Tuesday begins the sign-up period for roughly a quarter million West Texans who don’t have health insurance under the Affordable Care Act, commonly called Obamacare.
But many of the logistics remain unclear, leaving a murky picture for the insurance business, particularly local agents.
While it is clear that the insurance providers can expect more customers before major provisions of the law go into effect on Jan. 1, there’s been no release of the providers people can actually buy from.
The federal government released averages of premiums in parts of the country, including Texas.
“That’s a very good amount of choice available to people in Texas,” said Gary Cohen, a deputy administrator and director of the Centers for Medicare and Medicaid Services’ center for consumer information and insurance oversight, who oversees the exchanges, according to the Associated Press. “The rates in Texas are looking good.”
But those published rates don’t include West Texas, and analyses of plans in states that chose to set up their own version of the healthcare exchange showed sometimes stark differences between regions. Texas has 26 different “geographic market rating areas” corresponding with metropolitan statistical areas measured by the U.S. Census Bureau. Ector and Midland counties will be in different rating areas, according to CMMS.
The El Paso-based non-profit Project Amistad, which is one of the agencies authorized to help people sign-up under the exchange as so-called “navigators” has reported that such information won’t likely be available until the Tuesday roll-out. On Friday, Bob Moos, a spokesperson for the CMMS region including Texas, confirmed that in an email.
Meanwhile, some of the insurance agents certified to enroll people — there’s no publicly released list of those, either — are readying themselves. It’s unclear whether they’ll see a boon.
Some argue they will, because navigators can’t actually enroll people.
But navigators can explain the types of “metallic” plans people can buy — bronze, silver, gold and platinum, which each represent a differed co-pay ratio and rate. Navigators can also direct people to the online portal.
And some argue that the online market will undercut local insurance agents.
“You can’t beat the economy of scale that buying direct is going to have,” said J. Holland Powell, the president and CEO of Benefit Development Group, which helps negotiate insurance plans for companies in Texas between 50 and 5,000 employees. “And you can’t load up a 10 percent commission and expect to compete against a system that has none.”
The flip side of that is that the only people who can actually enroll someone is a licensed agent with additional certification to do so. They’ll be better equipped to help people find subsidies that will reduce cost, said Mike Avery, a local insurance agent certified to enroll people under the health exchange and the treasurer of the Texas Association of Health Underwriters. They can also talk product specifics.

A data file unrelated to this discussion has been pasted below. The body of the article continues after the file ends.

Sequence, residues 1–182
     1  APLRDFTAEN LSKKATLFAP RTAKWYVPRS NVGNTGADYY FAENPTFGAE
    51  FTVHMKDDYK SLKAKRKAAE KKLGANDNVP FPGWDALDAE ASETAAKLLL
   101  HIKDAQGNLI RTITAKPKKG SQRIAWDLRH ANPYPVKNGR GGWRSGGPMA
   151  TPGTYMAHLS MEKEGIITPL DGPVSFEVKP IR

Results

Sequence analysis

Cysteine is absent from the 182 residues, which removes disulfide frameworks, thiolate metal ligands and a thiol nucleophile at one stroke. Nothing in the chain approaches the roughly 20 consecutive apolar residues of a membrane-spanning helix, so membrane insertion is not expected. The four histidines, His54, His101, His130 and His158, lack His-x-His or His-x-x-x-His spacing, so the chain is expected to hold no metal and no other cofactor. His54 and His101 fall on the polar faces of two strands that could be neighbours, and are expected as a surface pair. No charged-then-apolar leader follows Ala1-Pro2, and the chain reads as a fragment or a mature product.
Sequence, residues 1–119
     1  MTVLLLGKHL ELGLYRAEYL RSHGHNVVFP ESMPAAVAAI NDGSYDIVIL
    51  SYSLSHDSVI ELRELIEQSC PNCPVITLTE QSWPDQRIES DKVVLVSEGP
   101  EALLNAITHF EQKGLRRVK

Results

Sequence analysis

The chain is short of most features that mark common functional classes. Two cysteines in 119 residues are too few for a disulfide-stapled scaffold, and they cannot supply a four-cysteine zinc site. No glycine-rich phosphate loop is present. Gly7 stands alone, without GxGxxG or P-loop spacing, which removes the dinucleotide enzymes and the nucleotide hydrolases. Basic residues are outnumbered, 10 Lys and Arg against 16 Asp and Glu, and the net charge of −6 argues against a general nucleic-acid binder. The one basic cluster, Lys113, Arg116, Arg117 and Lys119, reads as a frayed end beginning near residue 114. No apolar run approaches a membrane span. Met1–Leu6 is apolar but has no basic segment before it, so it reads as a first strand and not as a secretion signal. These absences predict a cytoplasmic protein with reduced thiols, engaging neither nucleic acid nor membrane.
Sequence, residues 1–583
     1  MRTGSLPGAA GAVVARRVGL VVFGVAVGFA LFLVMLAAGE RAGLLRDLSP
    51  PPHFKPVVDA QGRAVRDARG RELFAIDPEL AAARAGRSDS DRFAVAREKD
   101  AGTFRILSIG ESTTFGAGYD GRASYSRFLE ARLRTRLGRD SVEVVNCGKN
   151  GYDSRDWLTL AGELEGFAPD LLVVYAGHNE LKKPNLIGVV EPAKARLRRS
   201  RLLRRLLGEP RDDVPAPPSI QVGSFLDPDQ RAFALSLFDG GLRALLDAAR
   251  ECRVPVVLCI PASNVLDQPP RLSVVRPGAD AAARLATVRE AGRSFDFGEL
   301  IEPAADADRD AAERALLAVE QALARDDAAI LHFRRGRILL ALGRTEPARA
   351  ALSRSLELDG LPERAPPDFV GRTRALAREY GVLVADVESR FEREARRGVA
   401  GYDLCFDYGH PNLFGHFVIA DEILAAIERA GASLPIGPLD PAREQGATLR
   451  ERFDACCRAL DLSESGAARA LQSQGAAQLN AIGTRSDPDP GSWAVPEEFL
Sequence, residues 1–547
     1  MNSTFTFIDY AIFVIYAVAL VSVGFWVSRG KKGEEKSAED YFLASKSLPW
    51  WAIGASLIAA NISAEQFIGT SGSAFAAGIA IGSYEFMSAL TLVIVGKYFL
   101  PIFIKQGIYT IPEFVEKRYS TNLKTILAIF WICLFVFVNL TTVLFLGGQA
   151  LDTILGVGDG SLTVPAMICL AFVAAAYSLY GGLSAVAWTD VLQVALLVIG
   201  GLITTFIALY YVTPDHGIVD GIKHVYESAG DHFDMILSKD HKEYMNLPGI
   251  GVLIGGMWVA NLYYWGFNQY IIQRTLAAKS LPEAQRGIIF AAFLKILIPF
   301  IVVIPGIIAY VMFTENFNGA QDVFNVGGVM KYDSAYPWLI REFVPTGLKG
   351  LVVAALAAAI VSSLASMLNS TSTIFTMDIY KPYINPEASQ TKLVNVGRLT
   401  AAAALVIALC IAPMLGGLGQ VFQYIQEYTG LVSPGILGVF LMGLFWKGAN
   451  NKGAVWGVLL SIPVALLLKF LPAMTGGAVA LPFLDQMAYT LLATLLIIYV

“There’s a lot to picking out health insurance,” Avery said. “It’s not going to Google.”
In his capacity with the TAHU, Avery said he does not take a position on the law, but he expressed concern about how well it would work out, particularly in the first months. Avery said he advises people wanting to sign up for the exchange to wait a few months while the kinks are worked out.
People don’t face penalties until after registration for the exchange closes at the end of March.
But Gene Collins, another local agent who sells health insurance, says there’s no reason for people who need insurance to wait.
“Why risk getting penalized when you can be in a good program,” Collins said. “Plus those who are not, they can become ill at anytime. People with families, they get maternity care. There’s so many good things about the plans and a lot of the plans that are coming out of the exchange are better than what people have anyway.”
Collins still has concerns. One, he said, is that facts have been slow so far to replace rumor, leading to a heightened anxiety over the enrollment opening. The others are pragmatic concerns: A lot of the uninsured are identified through Internal Revenue Service data, he said, wondering where that leaves homeless people.
And as far as business, Collins said retention might be an issue as it was when states began requiring automotive liability insurance; some people bought plans to meet their obligations, then bailed on the payments. Some kinks, Obama administration officials have argued, are to be expected with the rollout of any new major program.
In the meantime, one quantified sense of what’s to come was offered by the Department of Health and Services in a release that said a family of four in Texas with an income of $50,000 per year, the lowest bronze plan would cost only $57 per month. A 27-year old living in Texas who makes $25,000 per year and is awarded tax credits, will, on average, pay $83 per month for the lowest cost bronze plan and $145 per month for the second lowest cost silver plan
But critics have argued the federal government released averages of the cheapest and thus, most favorable plans.
“It’s supposed to be up and running,” Avery said. “But we don’t know what up and running is yet.”